"How do you cope with the arrogance of being an author?"This question was raised at me from Goodreads. For a while I didn't know how to answer it and I'm still not sure I do.
Yea, we authors are a pretty arrogant breed, that's true. Not in the sense of thinking we're "better than others", but always believing we're better than other authors. We can't understand why our books don't sell as well as Harry Potter. Really, not. Especially if we have "fen", a readership that enjoys our stories and boosts our egos.
But even if nobody reads us, we'll still always be writing. The point is, being a writer is not a calling. It's not something we hear a little angel voice say that we should do in order to improve humanity. No. It's a compulsion, an addiction, an identity. I'm a writer by birth, and I'm decidedly not alone in this. The second I knew how to write, I was writing stories. Before I could write, my brother and I were "living" and playing out stories, stories and more stories. My earliest memories, from when I was three, revolve around make-believe. Legos? We were playing a story. Cars? We were playing a story (the cars had "identities", usually us and a few friends). Mud, sticks and pebbles? Stories! Never even mind the dollies and teddies. My mom used to put on some music for us (usually classical) and we created a story around it. She also played puppet theatre for us, and my father took us left and right of him in the evenings and read us - guess what, Grimm's fairytales. Further feeding the stories.
When I desperately wanted to do something and we couldn't afford it, as a child: My mother encouraged me to write about it. I had a bad experience or hated a teacher: I wrote them into a story for revenge.
I dream them. No, not daydreams. Actual REM-sleep, moving picture dreams. "Suzie" is one of them, and "The Nest"; the Solar Wind series is built on a number of dreams and the crew visit me regularly, telling me about the aspects I'm forgetting. It's a compulsion, I can't ever not write.
There was a time in my life when I was working in medical genetics, the work was often tedious, demanding and always severely underpaid. I arrived home knackered, too moeg to do anything - but I lay down on my bed and put pen to paper and worked on some or other story, when I wasn't reading some novel by a favourite author. I sourced the ideas for my stories from real life and from my observations on (what I perceive as) the psychic relations of things to each other, the astral plane etc. Not from books I read, though they always influence one, somewhere down the line (everything you do influences you).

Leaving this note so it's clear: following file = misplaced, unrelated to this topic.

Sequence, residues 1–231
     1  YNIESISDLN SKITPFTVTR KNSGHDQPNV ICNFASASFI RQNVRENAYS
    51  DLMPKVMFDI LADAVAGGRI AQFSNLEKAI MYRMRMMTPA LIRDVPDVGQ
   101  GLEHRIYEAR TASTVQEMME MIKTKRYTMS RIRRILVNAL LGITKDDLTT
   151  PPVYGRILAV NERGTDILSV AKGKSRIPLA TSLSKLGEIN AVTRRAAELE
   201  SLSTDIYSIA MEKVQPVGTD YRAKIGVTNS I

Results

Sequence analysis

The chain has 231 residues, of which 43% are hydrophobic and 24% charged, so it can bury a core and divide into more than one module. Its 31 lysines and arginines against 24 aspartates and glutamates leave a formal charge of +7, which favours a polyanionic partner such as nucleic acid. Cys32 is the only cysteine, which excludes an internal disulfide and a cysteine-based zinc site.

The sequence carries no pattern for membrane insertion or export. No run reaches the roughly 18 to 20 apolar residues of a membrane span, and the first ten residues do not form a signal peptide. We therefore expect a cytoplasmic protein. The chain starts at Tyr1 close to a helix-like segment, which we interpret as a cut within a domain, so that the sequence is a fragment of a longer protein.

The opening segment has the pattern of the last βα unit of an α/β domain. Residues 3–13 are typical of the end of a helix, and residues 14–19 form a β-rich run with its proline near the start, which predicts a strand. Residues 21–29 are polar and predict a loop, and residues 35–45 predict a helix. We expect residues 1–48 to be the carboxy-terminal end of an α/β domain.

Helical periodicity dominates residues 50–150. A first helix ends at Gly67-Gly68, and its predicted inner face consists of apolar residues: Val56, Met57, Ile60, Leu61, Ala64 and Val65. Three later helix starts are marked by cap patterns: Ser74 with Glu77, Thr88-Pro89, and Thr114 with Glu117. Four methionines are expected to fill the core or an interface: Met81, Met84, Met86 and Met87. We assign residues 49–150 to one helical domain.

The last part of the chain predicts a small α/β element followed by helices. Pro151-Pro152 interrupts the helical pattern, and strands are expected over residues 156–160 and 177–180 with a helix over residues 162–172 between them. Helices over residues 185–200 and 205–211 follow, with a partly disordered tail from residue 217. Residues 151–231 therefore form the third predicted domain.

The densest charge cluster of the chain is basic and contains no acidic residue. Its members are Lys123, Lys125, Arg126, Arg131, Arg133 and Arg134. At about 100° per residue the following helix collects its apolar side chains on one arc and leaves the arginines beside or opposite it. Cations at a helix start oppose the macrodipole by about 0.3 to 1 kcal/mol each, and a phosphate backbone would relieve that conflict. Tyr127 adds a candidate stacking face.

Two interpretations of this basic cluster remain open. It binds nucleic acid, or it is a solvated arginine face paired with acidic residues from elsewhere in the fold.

Being a writer is more like... being a werewolf. When the sun goes down, you write. When the sun comes up again, you're still writing, and if you have a day job, or children to raise, or anything like that, woe betide you, you've got to get through the day somehow. It doesn't matter whether people eventually judge the stories down (hell, it matters, it hurts us as badly as if someone takes a swing at our kids), but we'll always be writing. It's not something we can "give up" like people give up drinking, smoking or playing tennis.
Because our stories depend on us. They need us to be there, willing channels that won't shoot them down for waking us up at 3am, "go put on your computer, you've got to get this down now!"
"I'm a wree-totaller, haven't written a paragraph in three months now" - no. It doesn't work like that.
The arrogance of being an author? Sorry if I came across as a bit smug in other answers, it wasn't meant that way. I certainly have nothing to be smug about, any more than a werewolf does.
"There's a moon over Bourbon Street tonight..."